Let’s face it — the job search isn’t fun. And for most, it’s actually a huge stressor. In fact, a survey conducted by Hired found that 83 percent of employees say looking for a job is at least somewhat stressful, with 39 percent saying it’s very stressful. Job search stress is so bad that job seekers rate the process as more stressful than a root canal and only slightly less stressful than going through a breakup or divorce.
Those facts make the job search process sound pretty bleak, but it doesn’t have to be. You can take certain steps to reduce job search stress and make the process easier. Here’s how:
The typical job search starts on your browser. You spend hours searching through different job boards, social media platforms, and apps to find open positions you want. Then you need to research the company and see if it’s a good fit. Once you finally find a job and an employer you’re interested in, you send an application into the void of the internet, unsure if you’ll ever hear back. It all seems like a colossal waste of time.
And in some ways, it can be. After all, 25.5 percent of employed adults surveyed by Hired said they got their job through a referral. Referrals are even more common among people who said they love their jobs. That’s because it’s more effective, easier, and overall less stressful than cold applying to jobs. In the same survey, 55 percent said they would rather find a job through someone they know than to apply to one themselves.
Don’t start from scratch when starting your job search — start with an in. Find the employers you want to work for and then look for any connections you may have to those companies. Search on LinkedIn for any peers, classmates, or co-workers who work or who have worked for the company. Services like CareerShift can make this process even easier by helping you find connections and landing referrals.
After finding and applying to jobs, the next step is the dreaded job interview. In the Hired survey, job seekers rated the interview as the most stressful part of the job search process. And it’s easy to see why.
You only have a short amount of time to make a great first impression, convince the interviewer you’re the best person for the job, and communicate your job history, skills, and experience. Not to mention, there’s the added pressure of knowing that one wrong answer could stand between you and the job.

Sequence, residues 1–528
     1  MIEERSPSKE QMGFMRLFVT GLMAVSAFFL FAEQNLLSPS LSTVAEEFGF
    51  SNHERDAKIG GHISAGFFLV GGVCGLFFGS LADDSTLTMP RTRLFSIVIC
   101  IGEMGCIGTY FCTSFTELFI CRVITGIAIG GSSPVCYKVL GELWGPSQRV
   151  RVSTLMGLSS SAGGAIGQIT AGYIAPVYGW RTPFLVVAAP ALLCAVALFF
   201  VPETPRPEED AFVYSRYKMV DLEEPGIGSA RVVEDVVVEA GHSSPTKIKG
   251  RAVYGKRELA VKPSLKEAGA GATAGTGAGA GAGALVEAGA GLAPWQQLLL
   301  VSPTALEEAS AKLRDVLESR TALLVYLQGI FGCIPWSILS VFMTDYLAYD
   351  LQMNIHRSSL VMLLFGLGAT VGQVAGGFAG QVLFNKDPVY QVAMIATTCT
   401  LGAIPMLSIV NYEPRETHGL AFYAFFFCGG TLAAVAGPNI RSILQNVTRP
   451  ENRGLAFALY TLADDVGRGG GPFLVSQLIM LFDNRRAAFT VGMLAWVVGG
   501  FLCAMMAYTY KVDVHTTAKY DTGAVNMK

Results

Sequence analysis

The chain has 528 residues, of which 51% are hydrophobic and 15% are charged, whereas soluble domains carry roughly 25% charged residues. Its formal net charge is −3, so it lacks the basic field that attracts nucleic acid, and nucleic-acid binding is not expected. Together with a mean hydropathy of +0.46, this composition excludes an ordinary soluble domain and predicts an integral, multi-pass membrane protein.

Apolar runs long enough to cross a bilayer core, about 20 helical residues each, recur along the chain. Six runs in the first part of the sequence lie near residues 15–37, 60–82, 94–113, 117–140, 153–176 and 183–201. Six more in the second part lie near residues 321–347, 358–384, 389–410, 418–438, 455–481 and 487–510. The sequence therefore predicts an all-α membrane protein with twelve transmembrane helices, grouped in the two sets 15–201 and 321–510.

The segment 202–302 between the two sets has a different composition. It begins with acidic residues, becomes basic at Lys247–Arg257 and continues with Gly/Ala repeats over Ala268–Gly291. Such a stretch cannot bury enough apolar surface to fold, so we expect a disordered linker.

While you can’t predict the questions you will be asked in the job interview, you can go in highly prepared. Take the time to research not only the company, but the interviewer. Review the company website, products, news, social media, and press releases. Connect with the interviewer on LinkedIn and learn about their background — the more you know, the better. You can even use Google alerts to keep you updated on news and trends about the employer in real time. That way, you don’t have to keep checking for updates in the days leading up to your interview.
Don’t worry about what the interviewer will ask. No amount of preparation can control what they will say, and it will only stress you out. Be confident in your knowledge of the company through your research.
After the job interview, you anxiously await to hear back. And obsessively checking your email each day can get pretty stressful, especially when you’re at different stages of the application process for different jobs. You may have just submitted an application with one employer right before you schedule an interview with another.
With so many balls in the air, keeping track of who you’ve heard back from, who you need to send follow-up emails to, and who you need to thank can get overwhelming. Take the stress out of the process by keeping track of your applications in a spreadsheet. Record major dates like when you sent in an application or completed a job interview, and keep track of all correspondence between you and the employer. You can even connect your spreadsheet with your calendar, so you’ll be reminded of when to send out follow-ups and thank you notes.
Keeping track of all your applications will reduce stress, as you can see exactly what’s happening and exactly where you stand with different employers.
Stress isn’t always logical, so creating a spreadsheet or doing more research won’t always do the trick. When the job search is too frustrating to handle, turn to a mentor or trusted colleague to talk it out.
Not only can your mentor potentially offer advice to help your search, but they can offer a shoulder to lean on and listen to you vent — which can be just as helpful. By talking through your frustrations, you’ll let off steam while reflecting on your experiences and your strategy.
The job search can seem like a crazy, long, and stressful process. But you don’t have to work harder, just smarter. Use these tips to tweak your process and relieve some of the stress traditionally associated with the job search.
What do you think is the most stressful part of the job search? Share in the comments below!